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Walking in Beauty

Growing up with the Yurok Indians

by Harry Roberts

Harry Roberts page



Harry K. Roberts (1906-1981) lived at Yvonne Rand's house near Green Gulch Farm for the last few years of his life. During those years he was a deeply appreciated presence at Green Gulch, where Harry was a major advisor on developing the gardens and setting long-term goals in shaping the landscape and protecting the Farm's environment. He also worked individually with many Zen students in a variety of areas, from welding to plant identification to living a complete, grown-up life. He received his spiritual training through the Yurok Indians of the Klamath River region between 1917 and the mid-1930s and never strayed from the wisdom and principles of training he acquired and attained there and practiced throughout his unusually varied life. At Green Gulch, he was respected, loved, and admired by many--feelings that, for him, were completely mutual. His life and his teaching were in no way incompatible with Dharma practice. His ashes site is on a hillside overlooking the gardens and plantings that he devoted his last five years to.

It was my own great privilege to be Harry's close student from 1971 until his death in 1981: my gratitude is beyond words. In 1976, after he moved from the North Coast to Muir Beach, he and I began going through a shoebox full of stories and poems and notes that he had written over the years--everything from complete typed stories to handwritten pages torn from notebooks to a matchbook cover with a poem scratched on it with a carpenter's pencil. He wanted to make a book of these writings and by 1978 we had put together a complete working manuscript that arrived in its final form in 1980, a year before Harry died. Unfortunately, he did not live to see the manuscript in print. Time moved on until I wondered if I would live long enough to see a book come of his efforts! That's a long story in itself, but one with a happy ending. Harry's Walking in Beauty is now available to all, thirty two years after he completed it.

Thanks to the efforts of the late Ned Simmons of Trinidad Art and of Joan Berman, a librarian at Humboldt State University, Harry's manuscript has been beautifully published as a paperback in a test-edition of 150 copies. It contains the 1980 ms., now illustrated by many vintage photographs (as Harry wanted it to be) and introduced by my own, very brief Foreword. Its reception has been overwhelmingly positive and a second, more widely distributed printing is under discussion. Meanwhile, either Joan or myself can fill orders from individuals and from bookstores.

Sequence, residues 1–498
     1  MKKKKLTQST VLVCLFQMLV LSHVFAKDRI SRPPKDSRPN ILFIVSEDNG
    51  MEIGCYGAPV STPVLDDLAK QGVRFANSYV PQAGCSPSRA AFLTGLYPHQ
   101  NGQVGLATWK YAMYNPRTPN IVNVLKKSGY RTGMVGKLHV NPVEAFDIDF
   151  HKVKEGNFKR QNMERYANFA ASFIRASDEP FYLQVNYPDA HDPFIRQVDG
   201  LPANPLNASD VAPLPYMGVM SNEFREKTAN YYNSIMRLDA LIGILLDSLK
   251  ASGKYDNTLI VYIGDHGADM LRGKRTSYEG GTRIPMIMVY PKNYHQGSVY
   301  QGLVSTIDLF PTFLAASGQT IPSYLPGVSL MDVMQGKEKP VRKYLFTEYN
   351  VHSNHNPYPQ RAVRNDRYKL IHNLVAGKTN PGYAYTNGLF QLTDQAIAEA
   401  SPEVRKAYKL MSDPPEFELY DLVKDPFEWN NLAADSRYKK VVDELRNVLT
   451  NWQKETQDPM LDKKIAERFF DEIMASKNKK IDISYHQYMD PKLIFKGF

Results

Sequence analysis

Single copies cost $10.00 each plus $5.00 for packing and postage and these should be ordered through me: Larger orders and all bookstore orders (@60% cover) should go through Joan:

--Tim Buckley

Tim Buckley cuke page

From Heyday Books Walking in Beauty page

Walking in Beauty
By Harry K. Roberts; Foreword by Thomas Buckley (aka Jokan Zenshin)

When Harry Roberts was a boy in the 1910s, he spent his summers at the mouth of the Klamath River, where his Irish American family was friends with the Yurok spiritual leader and cultural expert Robert Spott. As a child Harry played with the children of the Spott household, and when he entered adolescence he became Robert Spott’s close student: first to become a “real man,” meaning a person who lives in harmony with the law Be true to thyself, and then to make his high medicine as a counselor and teacher. This collection of stories, poems, photographs, and short essays is Harry’s account of the transformative years when he discovered himself and his purpose in life. Written with profound understanding and a sense of pure enjoyment of life and beauty, Harry’s lively recollections of Yurok culture and his admiration for “Uncle” Spott’s depth of wisdom will inspire readers along any spiritual path.
Published by the Press at Trinidad Art

Harry Roberts (1906–1981) was born in the East Bay, and he spent his childhood summers with family in the Yurok village of Requa. Through family friend Robert Spott and other Yurok elders, Roberts was trained in a traditional Yurok way until his early thirties, and ultimately he became a counselor and teacher.